, potentially after conditioning on a set of “fixed” covariates , i.e. the (discriminative) conditional joint . Typically, this query will be the point prediction .Following standard socialscientific measurement theory [4], the fact that is a measurement proxy for is reflected by a causal model, in the sense of [24, 28], in which , i.e. the true outcome is a common cause of all available proxy variables. Because is an unobserved latent variable, our causal model will be identifiable only through additional assumptions of conditional independence; we discuss these assumptions later. The key point to note here is that, generally, , i.e. predictions using errorprone proxies as labels, , will, of course, differ from the that would have been obtained had the true labels been available.
3 Related work
A large and growing literature on fairness of predictions for the errorfree outcome exists, with divergent and sometimes mutually exclusive definitions of the notion of algorithmic fairness. An excellent overview of this literature can be found in [32], which identified 20 separate definitions. Broadly, a distinction can be made between statistical metrics, distancebased measures, and causal reasoning [32].
Statistical metrics define fairness as the presence or absence of a (conditional) independence in the joint distribution . For example, take a classification problem in which the decision is taken as , where is the indicator function and is some threshold on the predicted score. Statistical parity (“group fairness”) is then defined as for all , i.e., the decision should not depend on the sensitive attribute, whereas predictive parity is defined as for all —i.e. the positive predictive value should not depend on the sensitive attribute. Further definitions include conditional statistical parity [7], overall accuracy equality [1], and well calibration [16].
Distancebased measures of fairness account for the nonsensitive predictors , in addition to the observed and predicted outcomes and sensitive attribute. The wellknown “fairness through awareness” framework [8] generalises several of the preceding notions, such as statistical parity, by defining fairness as “similar decisions for similar people”. Consider a population of potential applicants , and consider any randomised output from the prediction algorithm, . Fairness is achieved whenever the distance among the decisions made for two people is at least as small as the distance between these people, i.e. when for any . Here, and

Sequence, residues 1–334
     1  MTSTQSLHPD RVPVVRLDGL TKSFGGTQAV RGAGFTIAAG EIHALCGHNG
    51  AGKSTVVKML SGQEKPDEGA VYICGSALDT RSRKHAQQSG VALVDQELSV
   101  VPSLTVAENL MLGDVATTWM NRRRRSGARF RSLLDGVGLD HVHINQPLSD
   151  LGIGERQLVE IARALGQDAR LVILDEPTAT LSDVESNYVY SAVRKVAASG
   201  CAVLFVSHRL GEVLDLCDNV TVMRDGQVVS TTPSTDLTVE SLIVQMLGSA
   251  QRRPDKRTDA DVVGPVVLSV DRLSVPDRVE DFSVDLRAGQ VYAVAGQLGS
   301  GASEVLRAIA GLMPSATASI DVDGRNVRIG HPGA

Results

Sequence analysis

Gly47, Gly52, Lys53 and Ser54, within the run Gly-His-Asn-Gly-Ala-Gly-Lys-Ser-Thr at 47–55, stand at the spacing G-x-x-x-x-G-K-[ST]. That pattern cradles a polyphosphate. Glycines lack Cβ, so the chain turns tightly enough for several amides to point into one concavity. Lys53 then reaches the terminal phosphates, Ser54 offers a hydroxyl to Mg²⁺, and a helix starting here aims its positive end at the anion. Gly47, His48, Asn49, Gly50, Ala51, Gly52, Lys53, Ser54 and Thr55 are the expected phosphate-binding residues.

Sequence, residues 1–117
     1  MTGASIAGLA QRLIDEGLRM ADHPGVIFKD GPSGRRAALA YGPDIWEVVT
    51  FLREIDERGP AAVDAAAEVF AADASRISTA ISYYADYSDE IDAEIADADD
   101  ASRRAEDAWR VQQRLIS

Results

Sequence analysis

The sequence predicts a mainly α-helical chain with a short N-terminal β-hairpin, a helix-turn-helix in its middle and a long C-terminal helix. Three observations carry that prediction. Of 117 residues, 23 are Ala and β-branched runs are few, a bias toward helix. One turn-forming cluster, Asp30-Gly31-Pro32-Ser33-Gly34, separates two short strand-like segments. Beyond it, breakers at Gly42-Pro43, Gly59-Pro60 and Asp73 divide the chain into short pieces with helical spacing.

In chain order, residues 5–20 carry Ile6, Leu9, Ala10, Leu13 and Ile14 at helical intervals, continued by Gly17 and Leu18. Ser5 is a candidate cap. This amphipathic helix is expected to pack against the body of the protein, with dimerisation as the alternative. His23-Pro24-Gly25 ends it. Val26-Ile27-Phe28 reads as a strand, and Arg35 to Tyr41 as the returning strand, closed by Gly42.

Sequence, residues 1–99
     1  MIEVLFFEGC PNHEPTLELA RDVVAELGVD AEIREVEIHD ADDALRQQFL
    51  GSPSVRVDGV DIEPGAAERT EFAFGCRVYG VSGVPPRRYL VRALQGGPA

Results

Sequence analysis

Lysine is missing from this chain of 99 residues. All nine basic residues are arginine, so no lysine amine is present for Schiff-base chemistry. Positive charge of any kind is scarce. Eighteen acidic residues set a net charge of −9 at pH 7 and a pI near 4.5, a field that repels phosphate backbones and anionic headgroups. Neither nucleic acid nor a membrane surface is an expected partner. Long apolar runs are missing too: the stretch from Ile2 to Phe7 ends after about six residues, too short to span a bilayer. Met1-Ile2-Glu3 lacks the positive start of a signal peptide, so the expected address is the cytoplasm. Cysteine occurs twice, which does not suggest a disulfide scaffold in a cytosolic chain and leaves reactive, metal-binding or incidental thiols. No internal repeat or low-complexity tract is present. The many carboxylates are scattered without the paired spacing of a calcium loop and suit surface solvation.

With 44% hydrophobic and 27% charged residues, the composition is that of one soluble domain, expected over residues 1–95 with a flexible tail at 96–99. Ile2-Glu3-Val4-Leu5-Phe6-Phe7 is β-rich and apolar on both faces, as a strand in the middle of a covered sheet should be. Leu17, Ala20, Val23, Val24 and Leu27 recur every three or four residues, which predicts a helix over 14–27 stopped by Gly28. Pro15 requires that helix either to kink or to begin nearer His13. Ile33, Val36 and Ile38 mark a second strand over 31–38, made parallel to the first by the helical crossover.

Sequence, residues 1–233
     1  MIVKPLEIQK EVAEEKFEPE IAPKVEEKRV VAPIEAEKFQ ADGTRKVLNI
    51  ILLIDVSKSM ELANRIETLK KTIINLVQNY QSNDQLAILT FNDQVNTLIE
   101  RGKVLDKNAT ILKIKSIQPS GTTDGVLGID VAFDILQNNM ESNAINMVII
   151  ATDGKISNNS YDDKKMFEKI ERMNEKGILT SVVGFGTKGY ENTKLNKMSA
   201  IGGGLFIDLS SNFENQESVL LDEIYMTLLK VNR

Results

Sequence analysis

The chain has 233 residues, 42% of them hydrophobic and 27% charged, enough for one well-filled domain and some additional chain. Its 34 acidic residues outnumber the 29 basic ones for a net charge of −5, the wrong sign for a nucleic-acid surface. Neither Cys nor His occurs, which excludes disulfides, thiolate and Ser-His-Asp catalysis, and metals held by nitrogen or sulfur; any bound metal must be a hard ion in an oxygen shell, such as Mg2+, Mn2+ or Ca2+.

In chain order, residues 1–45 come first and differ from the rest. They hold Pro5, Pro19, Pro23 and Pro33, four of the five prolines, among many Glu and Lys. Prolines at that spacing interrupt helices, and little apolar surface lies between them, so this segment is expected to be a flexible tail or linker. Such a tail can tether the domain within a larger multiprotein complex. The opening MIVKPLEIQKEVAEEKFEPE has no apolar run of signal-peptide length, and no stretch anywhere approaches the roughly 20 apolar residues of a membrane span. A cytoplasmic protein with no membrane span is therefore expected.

are arbitrary metrics on the distance between outputs and people, respectively. Careful choice of these metrics can yield some of the above definitions as special cases. Since the fairness condition can be trivially achieved, for example by always outputting a constant regardless of the input, the prediction model should be trained by minimising a loss function under the above constraint.
Finally, in recent years, results from the causal modelling literature have been leveraged to define and achieve “counterfactual” fairness [17, 22]. In these definitions one first considers a causal model involving , , and such as Panel A of Figure 1. This causal model then induces a counterfactual distribution , i.e. the distribution we would observe if were set to the value [24]. [17] then defined counterfactual fairness as . Note that this definition looks superficially similar to the definition of statistical parity (group fairness), but is distinct because it refers to an individual. This definition has as a disadvantage that any causal effect of the sensitive attribute on the prediction is deemed illegitimate. Based on the same framework, [22] suggested a more general definition: some causal pathways originating in are denoted discriminatory, while others are not. Fairness is then achieved by performing inference on a distribution , in which the “fair world” distribution is close in a KullbackLeibler sense to the original , but all discriminatory pathways have been blocked (up to a tolerance) using standard causal inference techniques. Note that, if all causal pathways originating in are deemed discriminatory and the tolerance set to zero, the counterfactual fairness criterion by [17] will be satisfied.